Wrongfully convicted man set to receive R23 million in compensation

Wrongfully convicted man set to receive R23 million in compensation

- An American man in Kansas was wrongfully convicted and sent to jail

- Lamonte McIntyre was sentenced for the murders of Donald Ewing and Doniel Quinn back in 1994

- McIntyre, who was released in 2017 after serving 23 years in prison, has been awarded R23 million

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Lamonte McIntyre, an American man from Kansas, was only 17 years old when he was arrested and wrongfully convicted for the murders of Donald Ewing and Doniel Quinn back in 1994.

Today, McIntyre is a free man after 23 years in jail, and he has been declared innocent after years of fighting for his justice. The innocent man has been awarded R23 million in compensation for wrongful conviction.

He will also have access to state health care benefits for two years and will receive an education stipend if he decided to further his education.

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wrongfully convicted man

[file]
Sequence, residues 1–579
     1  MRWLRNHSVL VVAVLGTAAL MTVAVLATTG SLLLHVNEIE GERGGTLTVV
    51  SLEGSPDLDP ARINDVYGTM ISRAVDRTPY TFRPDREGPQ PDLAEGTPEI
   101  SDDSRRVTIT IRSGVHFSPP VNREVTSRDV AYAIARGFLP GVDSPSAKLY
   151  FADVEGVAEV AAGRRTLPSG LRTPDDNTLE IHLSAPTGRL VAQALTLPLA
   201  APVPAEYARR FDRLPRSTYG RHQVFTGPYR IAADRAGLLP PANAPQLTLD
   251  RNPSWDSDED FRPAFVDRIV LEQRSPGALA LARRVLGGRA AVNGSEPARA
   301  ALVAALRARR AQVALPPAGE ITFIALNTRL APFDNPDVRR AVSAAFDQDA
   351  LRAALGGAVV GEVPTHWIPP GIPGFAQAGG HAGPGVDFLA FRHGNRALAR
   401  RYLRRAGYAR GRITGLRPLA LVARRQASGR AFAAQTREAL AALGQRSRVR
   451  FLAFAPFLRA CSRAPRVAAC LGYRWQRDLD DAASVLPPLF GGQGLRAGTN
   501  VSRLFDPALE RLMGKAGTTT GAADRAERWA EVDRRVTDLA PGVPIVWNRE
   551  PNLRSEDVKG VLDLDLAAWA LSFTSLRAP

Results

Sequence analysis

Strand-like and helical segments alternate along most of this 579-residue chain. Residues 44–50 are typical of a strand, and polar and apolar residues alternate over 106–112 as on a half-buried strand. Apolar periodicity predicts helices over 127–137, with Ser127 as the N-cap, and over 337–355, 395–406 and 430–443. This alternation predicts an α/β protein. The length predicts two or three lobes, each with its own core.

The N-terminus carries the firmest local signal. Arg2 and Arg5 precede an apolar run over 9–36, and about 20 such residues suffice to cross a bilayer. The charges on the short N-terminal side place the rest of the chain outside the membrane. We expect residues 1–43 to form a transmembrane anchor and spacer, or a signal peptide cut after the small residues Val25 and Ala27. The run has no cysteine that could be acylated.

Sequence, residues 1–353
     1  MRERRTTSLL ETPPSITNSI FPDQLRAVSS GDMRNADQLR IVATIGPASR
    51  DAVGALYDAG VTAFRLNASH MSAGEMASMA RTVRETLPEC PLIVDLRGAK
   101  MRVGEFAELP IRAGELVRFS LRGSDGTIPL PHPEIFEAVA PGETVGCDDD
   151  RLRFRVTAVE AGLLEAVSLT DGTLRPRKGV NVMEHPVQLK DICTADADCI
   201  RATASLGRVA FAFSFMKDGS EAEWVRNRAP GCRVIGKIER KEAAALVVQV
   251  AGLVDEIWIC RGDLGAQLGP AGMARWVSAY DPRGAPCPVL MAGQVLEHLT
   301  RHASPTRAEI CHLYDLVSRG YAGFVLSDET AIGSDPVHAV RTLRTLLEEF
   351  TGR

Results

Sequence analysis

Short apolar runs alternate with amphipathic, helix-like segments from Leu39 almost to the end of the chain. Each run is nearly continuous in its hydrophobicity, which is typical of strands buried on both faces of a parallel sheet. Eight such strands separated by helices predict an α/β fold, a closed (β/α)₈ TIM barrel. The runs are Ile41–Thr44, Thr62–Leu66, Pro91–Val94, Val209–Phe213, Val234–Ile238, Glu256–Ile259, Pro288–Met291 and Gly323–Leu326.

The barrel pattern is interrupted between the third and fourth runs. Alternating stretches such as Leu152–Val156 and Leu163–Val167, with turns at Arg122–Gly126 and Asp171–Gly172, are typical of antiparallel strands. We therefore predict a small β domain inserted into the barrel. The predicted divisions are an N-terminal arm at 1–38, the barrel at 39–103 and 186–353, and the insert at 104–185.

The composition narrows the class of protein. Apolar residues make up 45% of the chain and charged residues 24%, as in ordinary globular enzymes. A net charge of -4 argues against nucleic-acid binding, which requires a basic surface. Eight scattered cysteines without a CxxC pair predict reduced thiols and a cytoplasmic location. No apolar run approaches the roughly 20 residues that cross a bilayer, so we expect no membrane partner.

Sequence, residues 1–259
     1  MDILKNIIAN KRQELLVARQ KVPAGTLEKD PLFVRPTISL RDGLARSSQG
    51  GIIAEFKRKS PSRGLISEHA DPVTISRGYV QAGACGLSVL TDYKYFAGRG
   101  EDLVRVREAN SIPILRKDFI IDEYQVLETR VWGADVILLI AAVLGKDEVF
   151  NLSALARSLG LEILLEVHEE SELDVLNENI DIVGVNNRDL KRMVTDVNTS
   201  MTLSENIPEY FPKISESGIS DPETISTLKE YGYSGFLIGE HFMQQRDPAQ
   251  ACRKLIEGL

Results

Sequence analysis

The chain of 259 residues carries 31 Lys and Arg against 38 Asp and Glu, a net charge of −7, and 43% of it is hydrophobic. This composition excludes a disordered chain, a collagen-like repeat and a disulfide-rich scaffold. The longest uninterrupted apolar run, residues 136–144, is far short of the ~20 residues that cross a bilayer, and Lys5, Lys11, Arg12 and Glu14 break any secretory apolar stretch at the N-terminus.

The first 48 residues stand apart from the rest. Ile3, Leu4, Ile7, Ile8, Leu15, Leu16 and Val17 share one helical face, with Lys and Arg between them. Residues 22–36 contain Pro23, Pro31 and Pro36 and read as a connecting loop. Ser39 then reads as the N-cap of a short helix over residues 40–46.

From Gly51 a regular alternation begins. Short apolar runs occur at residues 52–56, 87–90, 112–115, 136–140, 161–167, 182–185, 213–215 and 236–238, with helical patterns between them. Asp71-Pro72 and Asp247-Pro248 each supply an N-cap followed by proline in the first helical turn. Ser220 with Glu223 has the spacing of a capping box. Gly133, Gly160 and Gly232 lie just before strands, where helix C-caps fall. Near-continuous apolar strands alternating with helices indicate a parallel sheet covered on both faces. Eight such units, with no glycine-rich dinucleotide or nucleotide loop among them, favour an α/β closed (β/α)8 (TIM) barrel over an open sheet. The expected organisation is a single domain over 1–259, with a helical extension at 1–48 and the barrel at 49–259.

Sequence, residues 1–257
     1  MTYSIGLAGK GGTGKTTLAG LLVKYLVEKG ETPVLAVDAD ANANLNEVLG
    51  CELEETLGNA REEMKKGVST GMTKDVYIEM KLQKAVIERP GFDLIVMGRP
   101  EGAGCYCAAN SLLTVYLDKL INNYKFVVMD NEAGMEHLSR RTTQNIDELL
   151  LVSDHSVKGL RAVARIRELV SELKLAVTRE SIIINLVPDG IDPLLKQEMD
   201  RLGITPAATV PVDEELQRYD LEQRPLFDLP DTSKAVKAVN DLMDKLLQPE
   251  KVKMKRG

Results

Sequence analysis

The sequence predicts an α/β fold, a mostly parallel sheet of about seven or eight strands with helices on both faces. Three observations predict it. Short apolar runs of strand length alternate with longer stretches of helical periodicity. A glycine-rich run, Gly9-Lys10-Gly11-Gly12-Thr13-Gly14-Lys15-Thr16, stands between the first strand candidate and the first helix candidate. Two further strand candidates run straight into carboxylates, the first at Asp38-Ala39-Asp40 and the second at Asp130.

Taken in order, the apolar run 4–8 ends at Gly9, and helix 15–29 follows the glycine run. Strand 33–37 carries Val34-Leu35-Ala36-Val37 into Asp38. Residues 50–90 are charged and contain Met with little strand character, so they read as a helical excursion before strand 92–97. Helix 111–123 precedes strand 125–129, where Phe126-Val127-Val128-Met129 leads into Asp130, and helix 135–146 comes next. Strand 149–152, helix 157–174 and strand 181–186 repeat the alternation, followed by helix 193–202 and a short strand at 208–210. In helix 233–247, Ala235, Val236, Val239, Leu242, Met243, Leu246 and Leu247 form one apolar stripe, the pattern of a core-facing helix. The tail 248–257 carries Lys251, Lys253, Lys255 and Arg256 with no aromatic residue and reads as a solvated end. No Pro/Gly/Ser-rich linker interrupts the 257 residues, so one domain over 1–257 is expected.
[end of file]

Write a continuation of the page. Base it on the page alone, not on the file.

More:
After spending 23 years in jail, wrongfully convicted man to receive $1.5 million Source: CNN/ KMBC Kansas City
Source: UGC

After he was released from prison in 2017, he filed a suit against Kansas State, charging the state for compensation for wrongful conviction and imprisonment.

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Associated Press reported that some documents were made public during the fight to free McIntyre. The documents alleged that the prosecutor in charge of the case intimidated witnesses who told her that McIntyre did not have any resemblance to the suspect.

It was also alleged that the judge and the prosecutor had a previous romantic relationship which was not revealed at the time.

Leading to his fight for justice, McIntyre became the co-founder of the Miracle of Innocence, an organisation that helps others who have been wrongfully convicted.

Meanwhile, Convicted racist Adam Catzavelos learned his fate on Friday as sentencing was handed down for his now-infamous k-word rant video that went viral on social media.

The businessman was given the choice between a R50 000 fine or a suspended two-year prison sentence.

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Source: Briefly.co.za

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